Tranche Warfare

100church 2 Tranche WarfareIt was a foreclosure auction that lasted a lightening-quick 10 minutes, but to many real estate experts who watched the proceedings, the acquisition of Boston’s John Hancock Tower represented everyone’s worst fear.

As it turned out, New Jersey–based Normandy Real Estate Partners had been quietly buying up debt on New England’s tallest building since last June, shortly after its owner Broadway Partners—only two years ago one of New York and the nation’s busiest tower buyers—defaulted on loan payments.

What real estate developers and senior lenders noted, however, was that for the first time in recent memory, a mezzanine debt holder had successfully pulled the rug from under a delinquent owner, on a grand scale.

“Without question,” said FirstService Williams executive chairman Robert Freedman, who was not involved in the deal but observed the repercussions of the auction, held in Manhattan in March. “Depending on how much the asset value eroded, and which tranche was impaired, what this deal really did was usher in the era of tranche warfare. It’s a harbinger of things to come.”

Now, with mezzanine lending ground to a halt entirely in New York, debt holders, senior and junior, are gearing up for tranche warfare and, perhaps, bitter court battles in a bid to untangle the complicated financial web that has resulted due to the wave of troubled loans that are about to hit maturities.

An estimated $100 billion in mezzanine loans are currently outstanding across the country, according to Jones Lang LaSalle. It’s a relatively small percentage of the $3.5 trillion in outstanding commercial mortgages nationwide, but industry experts say that could all change in the next few years or even next quarter.

“The default rate has been relatively modest,” Mr. Freedman said. “It’s only in the next cycle that we’re going to be able to determine how the mezz debt players have actually fared in the market.”


TO BE SURE, SOME of the biggest pre-recession developers, who scooped up property at the height of the market back in 2006 and 2007, are still entangled in loan repayments and other difficult default challenges. Chief among those battered developers was Harry Macklowe, who took out a $275 million mezzanine loan from Vornado Realty Trust in 2003 to buy the iconic GM Building on Fifth Avenue from Conseco, which he did for a record-shattering $1.4 billion, the highest price ever paid at the time for an office building in the United States.

Although Mr. Macklowe successfully paid off the loan in 2005, another property buying spree two years later—just months before the market began to tank—required a pricey $1.2 billion mezzanine loan from Fortress. The need to repay the hefty loan is what ultimately forced Mr. Macklowe to put the GM Building and several other high-end properties up for sale.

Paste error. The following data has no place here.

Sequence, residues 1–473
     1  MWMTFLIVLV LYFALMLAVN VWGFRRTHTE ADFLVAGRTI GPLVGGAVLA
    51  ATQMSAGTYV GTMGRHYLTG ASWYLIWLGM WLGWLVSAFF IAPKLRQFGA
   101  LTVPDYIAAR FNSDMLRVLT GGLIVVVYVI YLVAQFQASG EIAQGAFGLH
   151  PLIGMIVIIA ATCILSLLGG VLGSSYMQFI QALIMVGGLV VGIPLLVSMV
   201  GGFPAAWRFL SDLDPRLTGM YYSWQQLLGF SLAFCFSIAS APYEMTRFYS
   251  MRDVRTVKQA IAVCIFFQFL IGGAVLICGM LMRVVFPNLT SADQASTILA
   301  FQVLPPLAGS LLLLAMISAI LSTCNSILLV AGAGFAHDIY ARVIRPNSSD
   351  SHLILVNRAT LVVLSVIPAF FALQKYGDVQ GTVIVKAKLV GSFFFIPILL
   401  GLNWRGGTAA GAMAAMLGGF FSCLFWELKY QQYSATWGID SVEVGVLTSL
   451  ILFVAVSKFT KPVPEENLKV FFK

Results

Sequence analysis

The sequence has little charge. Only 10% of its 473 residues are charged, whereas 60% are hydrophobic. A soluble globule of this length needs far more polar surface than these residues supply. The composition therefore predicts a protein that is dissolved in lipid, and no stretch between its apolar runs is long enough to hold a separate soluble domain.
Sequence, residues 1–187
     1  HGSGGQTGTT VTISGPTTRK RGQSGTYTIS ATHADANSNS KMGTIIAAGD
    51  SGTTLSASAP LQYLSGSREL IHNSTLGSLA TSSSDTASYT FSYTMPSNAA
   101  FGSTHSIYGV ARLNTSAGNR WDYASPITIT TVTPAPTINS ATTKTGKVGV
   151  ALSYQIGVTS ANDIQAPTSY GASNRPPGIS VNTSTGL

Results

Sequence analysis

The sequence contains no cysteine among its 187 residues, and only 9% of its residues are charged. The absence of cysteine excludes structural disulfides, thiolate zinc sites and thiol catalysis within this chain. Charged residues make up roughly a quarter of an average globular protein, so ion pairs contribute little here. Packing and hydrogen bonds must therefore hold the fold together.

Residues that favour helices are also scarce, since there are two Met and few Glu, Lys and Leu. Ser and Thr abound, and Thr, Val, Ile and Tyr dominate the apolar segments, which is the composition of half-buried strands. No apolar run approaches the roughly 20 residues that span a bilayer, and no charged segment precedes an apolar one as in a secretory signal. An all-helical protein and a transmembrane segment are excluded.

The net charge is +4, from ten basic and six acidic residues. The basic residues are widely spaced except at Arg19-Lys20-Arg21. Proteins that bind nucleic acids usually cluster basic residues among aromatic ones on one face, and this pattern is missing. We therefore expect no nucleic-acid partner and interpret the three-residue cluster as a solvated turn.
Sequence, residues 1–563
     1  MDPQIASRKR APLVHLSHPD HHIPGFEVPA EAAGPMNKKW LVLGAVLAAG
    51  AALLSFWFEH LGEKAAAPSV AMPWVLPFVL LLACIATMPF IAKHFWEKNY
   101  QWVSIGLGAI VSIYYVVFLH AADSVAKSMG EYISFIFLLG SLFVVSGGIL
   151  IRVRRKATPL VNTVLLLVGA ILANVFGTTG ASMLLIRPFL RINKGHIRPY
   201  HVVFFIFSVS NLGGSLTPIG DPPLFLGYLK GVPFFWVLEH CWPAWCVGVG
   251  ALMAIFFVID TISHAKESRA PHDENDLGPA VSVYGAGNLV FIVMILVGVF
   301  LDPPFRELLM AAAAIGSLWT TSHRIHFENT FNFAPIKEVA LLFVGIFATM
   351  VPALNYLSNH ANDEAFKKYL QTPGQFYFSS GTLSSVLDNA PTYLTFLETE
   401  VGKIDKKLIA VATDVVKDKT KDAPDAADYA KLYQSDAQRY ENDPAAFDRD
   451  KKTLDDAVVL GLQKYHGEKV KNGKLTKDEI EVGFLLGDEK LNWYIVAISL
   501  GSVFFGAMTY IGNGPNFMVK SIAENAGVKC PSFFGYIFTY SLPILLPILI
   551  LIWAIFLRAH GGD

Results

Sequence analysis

Mr. Macklowe—who still earns a profit on management fees at many of the buildings—paid down the Fortress deal late last year, analysts said.

More recently, New York’s biggest office landlord, SL Green Realty, successfully took over leasing and management responsibilities at 100 Church Street in August after the Sapir Organization failed to cough up $85 million in loans to the REIT and to Gramercy Capital. In a suit that has been closed, Sapir had alleged that SL Green had knowingly hindered its ability to finalize leasing deals.

“The mezzanine lenders are looking more like equity investors, and they’re finding themselves in the position of having to defend their security interests,” said Douglas Hercher, executive vice president and principal of Cushman & Wakefield. “They’re not wondering whether they’re going to get fully paid back; they’re wondering if they’re going to get paid back at all.”

Many of the investment funds and real estate investment trusts that have acted as junior lenders in the past did not return calls for this article, an indication, said industry experts, that they either did not want to reveal their “loan to own” strategies or were simply weary of being cast as a villain.

Unsurprisingly, New York developers hit hardest by recent defaults, like Mr. Macklowe, did not return calls either.

“The anecdotes that go with these are painful for a lot of people, so you’re going to have a hard time finding participants in the market that want to talk,” said William Shanahan, a vice chairman at CB Richard Ellis. “It’s sort of like watching someone die.”

LePatner & Associates founding partner Barry LePatner, meanwhile, said mezzanine lending had all but dried up in the city, primarily because developers are now being required to put up as much as 50 percent equity in order to qualify for construction loans—a costly sum that becomes even more expensive when construction cost overruns are accounted for.

Mr. LePatner and other real estate executives added, however, that mezzanine lending would return, especially in growth sectors like education and the real estate–intensive health care industry, which is expected to satiate a need for more real estate as baby boomers age.

Real estate experts predicted that office investment funds like Beacon Partners, Shorenstein Properties and Tishman Speyer would all surface as mezzanine debt holders, while others, like the Blackstone Group, AREA Property Partners, Starwood Capital and Colony Capital, would continue to provide similar junior loans.

“If I’m a mezzanine lender, I’m thinking about what I’m going to do when I want to lend, or what’s the best way to maximize my investment but minimize my risk,” said Mr. LePatner. “You exist to lend money, so you go to the sectors of the economy where you can get the best returns on investment. You exist to lend.”

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